Fun with Dick and Jane (12A)

ANDREW CLARKE Fun With Dick and Jane is a remake of a film with a flimsy plot and relied entirely on the personality of George Segal and his chemistry with co-star Jane Fonda to make it work.


Why do they bother? Remakes it seems are the current in thing in Hollywood at the moment. Fun With Dick and Jane is a remake of a film with a flimsy plot and relied entirely on the personality of George Segal and his chemistry with co-star Jane Fonda to make it work.

Stripped of the two personalities which drew audiences to the cinema, Fun With Dick and Jane has little to recommend it as a film. So why remake it? It certainly it doesn't work as a vehicle for the zany Jim Carrey and sadly he has virtually no chemistry with Tea Leoni who takes on the thankless role of the wife.

Carrey is trapped between full-out Ace Ventura-style silliness and hemmed-in suburban normality. This unhappy hybrid is further compromised by the fact that there is nothing in the script for them to get their teeth into. The laughs are completely reliant on Jim Carrey pulling lots of funny faces and getting increasingly manic as the story unfolds.

It all seems rather at odds with a story which is set in the harsh modern world of global money markets and sharp business practices. Jim Carrey plays Dick Harper as a sunny, happy-go-lucky character who you know is going to be the ultimate fall guy.

Alec Baldwin and Richard Jenkins play his bosses Jack McCallister and Frank Bascom who promote Harper to vice president in charge of communications on the eve of the company's financial collapse.

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He is told that his first job will be go live on a network economics programme to present the company in a good light when they publish their annual results. What hapless Dick Harper hasn't been told is that McCallister and Bascom have been cooking the books and during the last few months McCallister has been stabbing everyone in the back by selling all his shares in the company.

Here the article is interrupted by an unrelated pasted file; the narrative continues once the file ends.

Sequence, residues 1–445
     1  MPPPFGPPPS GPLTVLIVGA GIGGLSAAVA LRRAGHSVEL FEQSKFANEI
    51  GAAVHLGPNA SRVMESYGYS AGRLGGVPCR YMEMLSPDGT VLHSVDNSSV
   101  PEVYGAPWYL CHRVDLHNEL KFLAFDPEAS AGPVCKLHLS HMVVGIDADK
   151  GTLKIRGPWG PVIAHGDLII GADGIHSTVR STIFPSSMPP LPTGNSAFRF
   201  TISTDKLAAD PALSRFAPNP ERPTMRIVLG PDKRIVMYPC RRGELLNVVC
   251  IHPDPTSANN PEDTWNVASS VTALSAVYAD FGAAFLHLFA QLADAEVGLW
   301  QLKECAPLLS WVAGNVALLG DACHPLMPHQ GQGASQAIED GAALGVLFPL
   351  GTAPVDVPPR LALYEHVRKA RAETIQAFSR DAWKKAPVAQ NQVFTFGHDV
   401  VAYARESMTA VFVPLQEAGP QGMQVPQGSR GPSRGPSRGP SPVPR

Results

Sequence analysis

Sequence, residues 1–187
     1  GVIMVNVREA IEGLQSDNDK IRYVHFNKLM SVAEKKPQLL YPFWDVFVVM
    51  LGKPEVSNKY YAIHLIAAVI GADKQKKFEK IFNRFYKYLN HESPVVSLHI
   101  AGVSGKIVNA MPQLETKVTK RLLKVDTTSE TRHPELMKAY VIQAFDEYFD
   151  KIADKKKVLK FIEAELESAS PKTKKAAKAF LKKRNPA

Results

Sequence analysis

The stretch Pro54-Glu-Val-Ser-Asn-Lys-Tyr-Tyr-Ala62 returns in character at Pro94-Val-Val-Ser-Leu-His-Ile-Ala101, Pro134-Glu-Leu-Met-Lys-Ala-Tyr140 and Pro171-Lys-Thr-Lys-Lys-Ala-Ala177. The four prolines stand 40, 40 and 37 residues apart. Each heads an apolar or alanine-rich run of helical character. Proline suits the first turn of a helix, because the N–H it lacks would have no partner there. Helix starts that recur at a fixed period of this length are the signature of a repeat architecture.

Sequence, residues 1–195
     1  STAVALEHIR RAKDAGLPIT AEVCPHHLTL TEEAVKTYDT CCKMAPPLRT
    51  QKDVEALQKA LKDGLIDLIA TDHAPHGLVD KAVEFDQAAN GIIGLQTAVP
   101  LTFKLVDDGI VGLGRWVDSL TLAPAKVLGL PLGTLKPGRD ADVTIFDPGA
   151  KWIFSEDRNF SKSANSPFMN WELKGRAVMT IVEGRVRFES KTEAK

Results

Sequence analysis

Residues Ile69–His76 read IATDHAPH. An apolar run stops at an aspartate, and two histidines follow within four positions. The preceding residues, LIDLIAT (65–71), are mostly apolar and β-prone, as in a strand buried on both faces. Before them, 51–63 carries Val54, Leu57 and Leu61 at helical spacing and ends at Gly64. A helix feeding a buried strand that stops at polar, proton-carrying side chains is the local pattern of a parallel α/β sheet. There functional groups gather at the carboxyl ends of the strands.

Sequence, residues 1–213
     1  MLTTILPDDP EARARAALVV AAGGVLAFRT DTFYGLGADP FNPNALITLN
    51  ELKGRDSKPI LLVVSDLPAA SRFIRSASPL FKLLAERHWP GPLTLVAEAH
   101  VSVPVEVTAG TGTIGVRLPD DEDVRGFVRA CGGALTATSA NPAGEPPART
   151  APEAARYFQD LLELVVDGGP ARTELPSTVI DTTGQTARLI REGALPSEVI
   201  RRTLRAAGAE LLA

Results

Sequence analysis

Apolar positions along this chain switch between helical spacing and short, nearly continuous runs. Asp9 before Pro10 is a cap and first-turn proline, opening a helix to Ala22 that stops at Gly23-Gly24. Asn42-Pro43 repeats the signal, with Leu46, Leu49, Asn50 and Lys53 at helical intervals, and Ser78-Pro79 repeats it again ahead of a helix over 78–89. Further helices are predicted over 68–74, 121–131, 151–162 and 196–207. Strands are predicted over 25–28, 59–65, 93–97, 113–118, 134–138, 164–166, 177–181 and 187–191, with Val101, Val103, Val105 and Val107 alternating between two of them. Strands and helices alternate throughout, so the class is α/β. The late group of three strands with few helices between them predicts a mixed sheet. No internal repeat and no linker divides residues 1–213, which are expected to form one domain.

Harper finds himself hopelessly tongue-tied on air as the television presenter has all these facts to hand and Dick doesn't even know that he and his colleagues are all out of a job.

A lot of time has been spent in the US examining the possibilities of the film being a satire on the corporate game-playing at Enron, but as Enron means less to us over here, we don't even have the distraction of looking for a few satirical point-scoring possibilities.

The script is laughable rather than being full of laughs.

Rather than being a clever black comedy, we get a quick, cheap caper comedy which simply doesn't make sense. Jim Carrey and Tea Leoni simply don't act and react like a loving married couple. There's no on-screen fizz, they could almost be work colleagues or next door neighbours.

The height of the film's sophistication is a dreadful, overly-extended sequence of physical incapacity when Dick is punched by a Mexican immigrant as they compete for a painting job - causing his face to swell. This coincides with Jane's attempts to earn some extra cash by volunteering to be a guinea pig at trials for a new botox treatment. Of course she is the only one to suffer an allergic reaction which causes her face to swell - which results in neither of them being able to talk properly or to kiss.

As money gets increasingly tight and the threat of having his home repossessed looms, Carrey's Dick Harper concludes that desperate measures are called for. And tells Jane that he is going to hold up some local stores to get the money to pay their mortgage.

Jane doesn't believe him and volunteers to drive the "getaway" car just so she can see Dick fall flat on his face, but is amazed when after several false starts he actually pulls off a job and the pair go on a highly successful bank-robbing spree until the cops come a-calling and they see an opportunity to get their own back on the man who caused their financial misery - Jack McCallister.

The film lurches around like a drunk on his way home from a six-hour drinking spree. There's no focus to the story, no laughs, no real grounding in the real world. The crime spree is ludicrous and wouldn't actually work and as for the con trick played on Jack McCallister - The Sting it ain't.

The film has a tired, retread feel about it. There's not the effervescent fizzle that a film like this needs to succeed. The film title says Fun With Dick and Jane - having viewed it, I think that the movie is in danger of falling foul of the Trades Descriptions Act.


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